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  1. Hey Jill, one of my Facebook friends posted this, great site! Isn’t technology great that we can disseminate such great info in such an easy manner!

    This post really feeds (no pun intended) into my passion, better choices everyday for healthier living. I am a father and a former Pro Soccer player who understands how nutrition plays such a role in the body’s performance and overall health, and I want to convey that to families everywhere.

    Beverage choices have really been the critical issue with youth. You mentioned Gatorade as a good option to replenish, but even some of these electrolyte drinks have high or the wrong sugars. I guess education on the right choices is all we can do…

    All the best and keep up the good work! We should chat sometime, I am starting a new venture with several Doctors and Pro/Olympic athletes and are always looking for the right people to partner with.

  2. It pains me to see some of the snacks brought to not only sports game but any school activity where the snack is parent-provided. When kids need a snack, it is because they need nutrition not empty calories. Feeding kids junk food when they need energy only fuels the crash to come. And the more we give them junk food, the more they come to expect and crave it.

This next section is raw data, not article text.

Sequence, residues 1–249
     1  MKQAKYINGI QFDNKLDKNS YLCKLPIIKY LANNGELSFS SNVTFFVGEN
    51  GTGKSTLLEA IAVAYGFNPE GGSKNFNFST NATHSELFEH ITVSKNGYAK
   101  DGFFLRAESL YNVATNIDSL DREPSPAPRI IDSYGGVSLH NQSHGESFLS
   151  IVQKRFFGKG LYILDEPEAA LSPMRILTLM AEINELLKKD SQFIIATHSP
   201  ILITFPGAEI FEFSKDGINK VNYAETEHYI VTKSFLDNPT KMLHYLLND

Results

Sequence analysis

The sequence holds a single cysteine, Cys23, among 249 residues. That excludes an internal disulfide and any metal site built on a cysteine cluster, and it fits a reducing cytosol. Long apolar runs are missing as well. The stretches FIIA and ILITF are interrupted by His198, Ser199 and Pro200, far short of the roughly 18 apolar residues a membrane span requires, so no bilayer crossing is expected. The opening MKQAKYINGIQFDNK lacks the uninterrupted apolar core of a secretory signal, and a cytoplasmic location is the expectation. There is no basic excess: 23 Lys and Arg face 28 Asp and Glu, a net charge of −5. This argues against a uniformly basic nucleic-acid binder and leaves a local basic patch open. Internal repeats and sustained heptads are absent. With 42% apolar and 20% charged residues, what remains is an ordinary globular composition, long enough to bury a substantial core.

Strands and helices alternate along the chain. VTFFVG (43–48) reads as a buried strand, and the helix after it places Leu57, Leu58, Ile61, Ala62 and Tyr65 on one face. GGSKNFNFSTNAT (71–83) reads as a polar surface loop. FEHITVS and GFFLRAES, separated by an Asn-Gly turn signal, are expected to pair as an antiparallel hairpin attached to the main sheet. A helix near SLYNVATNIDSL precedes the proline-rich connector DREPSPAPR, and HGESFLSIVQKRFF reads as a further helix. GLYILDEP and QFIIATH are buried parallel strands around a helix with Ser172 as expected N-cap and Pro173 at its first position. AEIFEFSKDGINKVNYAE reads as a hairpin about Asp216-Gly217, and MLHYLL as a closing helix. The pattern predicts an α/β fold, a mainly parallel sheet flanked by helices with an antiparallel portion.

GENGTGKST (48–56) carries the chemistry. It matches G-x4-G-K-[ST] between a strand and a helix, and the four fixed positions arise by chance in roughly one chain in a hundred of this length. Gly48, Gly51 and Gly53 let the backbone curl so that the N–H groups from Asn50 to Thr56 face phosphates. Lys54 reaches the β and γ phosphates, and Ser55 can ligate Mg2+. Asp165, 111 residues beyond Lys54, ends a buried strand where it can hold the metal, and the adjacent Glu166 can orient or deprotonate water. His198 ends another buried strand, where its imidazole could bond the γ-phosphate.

Don’t stop the snacking, just change the snack!
    http://www.veggietoddler.blogspot.com

  3. Great post. Yes, I was always shocked at how the kids on my daughter’s soccer team expected juice boxes and cookies and/or chips after each game.
    It was always refreshing when a mom brought orange slices, grapes is a great idea, I never thought of that!

    1. It’s interesting how sports snacking for kids is different in other parts of the country. When I lived in the Boston area, we were only allowed to bring orange slices; here in Nashville, it is quite different.

  4. Great timely post! I didn’t even realize snacks were part of soccer practice until my kids started last week. But, I was relieved to see the orange wedges come out and the kids gobble them up (thankfully, we live in a very hippie & healthy town!). I volunteered for future snacks just in case, however 🙂

    1. Yes, isn’t it funny how kids generally will eat what is provided…especially if they are hungry! Orange slices, apple slices, watermelon, grapes….are all easy, portable and healthy for the child who needs a snack after a sporting event. Glad to hear you will be setting the standard with snacks!

  5. I am not there yet with my kids but I see this at my nieces games. The kids are chowing down chips after playing softball for one or two hours. I think the responsibility for snacking should be on individual parents like it was in my day. Thanks for the thought provoking post!

    I, too, will be the mom that brings orange slices.

    1. Yes, the snack issue is something that sports organizations can certainly set a standard….but parents have to show that they value healthy snacks. You don’t want to be the parent who tells your child “no”. We need to help parents be “yes” parents…to healthy options, of course.